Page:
[Guest Post] The African Group’s Proposal on a Work Program on Limitations and Exceptions Moves Forward in WIPO’s Committee on Copyright

Last month, Katfriends Desmond Oriakhogba and Dick Kawooya provided a highlight of the key portions of the Work Program on Limitations and Exceptions (L&Es) proposed by the Africa Group to WIPO's Standing Committee on Copyright and Related Rights (WIPO-SCCR). The 42nd session of the WIPO SCCR was held from 9 to 13 May 2022. Desmond Oriakhogba (University of Venda, South Africa) and Dick Kawooya (University of South Carolina, USA) were in attendance as part of the delegation of the Electronic Information for Libraries (EIFL). EIFL is a Civil Society Organisation. They now kindly share how the proposed Work Program went down:

Strong Support, Discordant Tunes: The African Group’s Proposal on a Work Program on Limitations and Exceptions Moves Forward in WIPO’s Committee on Copyright

The African Group’s (AG) proposal on a Work Program for Copyright Exceptions and Limitations (L&Es) was item 7 on the Agenda at the 42nd Session of the World Intellectual Property Organization’s Standing Committee on Copyright and Related Rights (WIPO-SCCR) held from 9 to 13 May 2022. 

In preparation for the 42nd Session, we noted that the African Group proposal for a Work Program on L&Es “picks up on where the [WIPO-SCCR] left off in 2019, and gives a focus to its future work on important issues of access to copyrighted works for education, research and other public interest purposes”; and, if adopted, the Work Program “will set WIPO on the path of formulating norms that will position the global copyright system to withstand future pandemics”. This is so because the Work Program outlines "concrete and practical steps'' which the SCCR can implement "to provide guidance and support to Member States in the short term", while working in line with the mandate of the committee "towards the adoption of an appropriate international legal" instrument(s) on L&Es”.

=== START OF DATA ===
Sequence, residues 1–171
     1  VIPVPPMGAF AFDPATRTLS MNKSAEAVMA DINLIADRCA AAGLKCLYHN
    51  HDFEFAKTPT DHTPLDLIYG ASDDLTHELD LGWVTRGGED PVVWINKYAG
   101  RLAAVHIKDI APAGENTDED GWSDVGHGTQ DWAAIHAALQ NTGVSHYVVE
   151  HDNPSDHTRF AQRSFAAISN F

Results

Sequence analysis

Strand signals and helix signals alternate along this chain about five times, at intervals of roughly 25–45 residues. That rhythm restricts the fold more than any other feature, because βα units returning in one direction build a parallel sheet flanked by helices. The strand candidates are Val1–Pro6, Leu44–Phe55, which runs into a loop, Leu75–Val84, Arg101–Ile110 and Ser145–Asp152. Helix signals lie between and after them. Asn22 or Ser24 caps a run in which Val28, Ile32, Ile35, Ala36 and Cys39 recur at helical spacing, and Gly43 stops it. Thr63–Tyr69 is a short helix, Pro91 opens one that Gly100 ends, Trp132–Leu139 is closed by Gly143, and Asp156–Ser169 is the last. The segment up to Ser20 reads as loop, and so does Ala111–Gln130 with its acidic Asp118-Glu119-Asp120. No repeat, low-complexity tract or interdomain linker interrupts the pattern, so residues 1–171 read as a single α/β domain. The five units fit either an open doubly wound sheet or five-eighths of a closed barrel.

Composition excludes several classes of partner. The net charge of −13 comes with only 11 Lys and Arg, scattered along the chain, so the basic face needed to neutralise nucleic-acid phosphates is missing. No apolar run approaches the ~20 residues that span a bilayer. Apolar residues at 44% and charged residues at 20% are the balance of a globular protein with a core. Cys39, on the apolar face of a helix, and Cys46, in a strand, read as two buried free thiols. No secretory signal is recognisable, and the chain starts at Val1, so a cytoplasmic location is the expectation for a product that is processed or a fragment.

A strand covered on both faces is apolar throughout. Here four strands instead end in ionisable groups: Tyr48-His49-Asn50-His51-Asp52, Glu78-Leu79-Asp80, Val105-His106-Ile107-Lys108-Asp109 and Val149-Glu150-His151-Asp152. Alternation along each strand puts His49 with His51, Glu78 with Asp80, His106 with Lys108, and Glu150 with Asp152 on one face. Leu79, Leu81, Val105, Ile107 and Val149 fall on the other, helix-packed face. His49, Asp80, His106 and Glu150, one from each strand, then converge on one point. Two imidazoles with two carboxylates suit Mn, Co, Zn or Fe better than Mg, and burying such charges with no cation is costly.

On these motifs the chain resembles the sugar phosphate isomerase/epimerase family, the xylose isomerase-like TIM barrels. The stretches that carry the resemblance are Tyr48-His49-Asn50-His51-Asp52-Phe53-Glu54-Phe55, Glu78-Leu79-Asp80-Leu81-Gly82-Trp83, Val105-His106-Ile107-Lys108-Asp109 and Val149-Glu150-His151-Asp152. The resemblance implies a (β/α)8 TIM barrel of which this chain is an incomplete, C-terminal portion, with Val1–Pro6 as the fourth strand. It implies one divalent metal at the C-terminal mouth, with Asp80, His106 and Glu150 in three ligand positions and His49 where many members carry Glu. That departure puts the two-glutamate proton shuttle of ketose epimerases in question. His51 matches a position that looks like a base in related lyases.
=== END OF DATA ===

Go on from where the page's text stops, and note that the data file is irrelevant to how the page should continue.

Desmond Oriakhogba (left) and Dick Kawooya (right)
Image credit: WIPO (CC BY-NC-ND)

Thankfully, the AG’s Work Program gained great support from the Group of Latin America and Caribbean Countries (GRULAC), as well as the United States, and the majority of the Civil Society Organisations (CSOs) present. There were, however, notable discordant tunes from the camp of so-called ‘Group B’ countries, led by Germany, and countries from the Central Europe and Baltic States (CEBS) Group.

The information session on the impact of COVID-19 and discussion of the draft broadcasting treaty highlighted the importance of a Work Program on L&Es

Two other items on the agenda, the information session on the impact of COVID-19 on the copyright ecosystem and the draft broadcasting treaty were dealt with before discussion on the Work Program on L&Es started. The conversations in the information session and concerns raised on the draft broadcasting treaty underscored the importance of the Work Program on L&Es.

The proposed treaty for the protection of broadcast organizations was strongly supported by Global North Countries, especially those from Group B and CEBS. The push to hasten work on the treaty was evident by a recommendation from the Chair for a special technical session on the draft treaty in October 2022 to conclude work on the draft text. This proposal failed for lack of consensus. Moreover, the concerns raised by countries from the Global South (AG and GRULAC), supported by the majority of the CSOs, about the absence of an adequate L&E regime in the draft broadcasting treaty need to be addressed in the draft, and these require time. The draft broadcasting treaty will be further discussed in two regular sessions of the SCCR to be held in 2023. To this end, the SCCR agreed that the Chair, Vice-Chair and Facilitators would revise the draft treaty based on questions, comments and recommendations made by member states. Delegates are required to send further comments by 13 July 2022.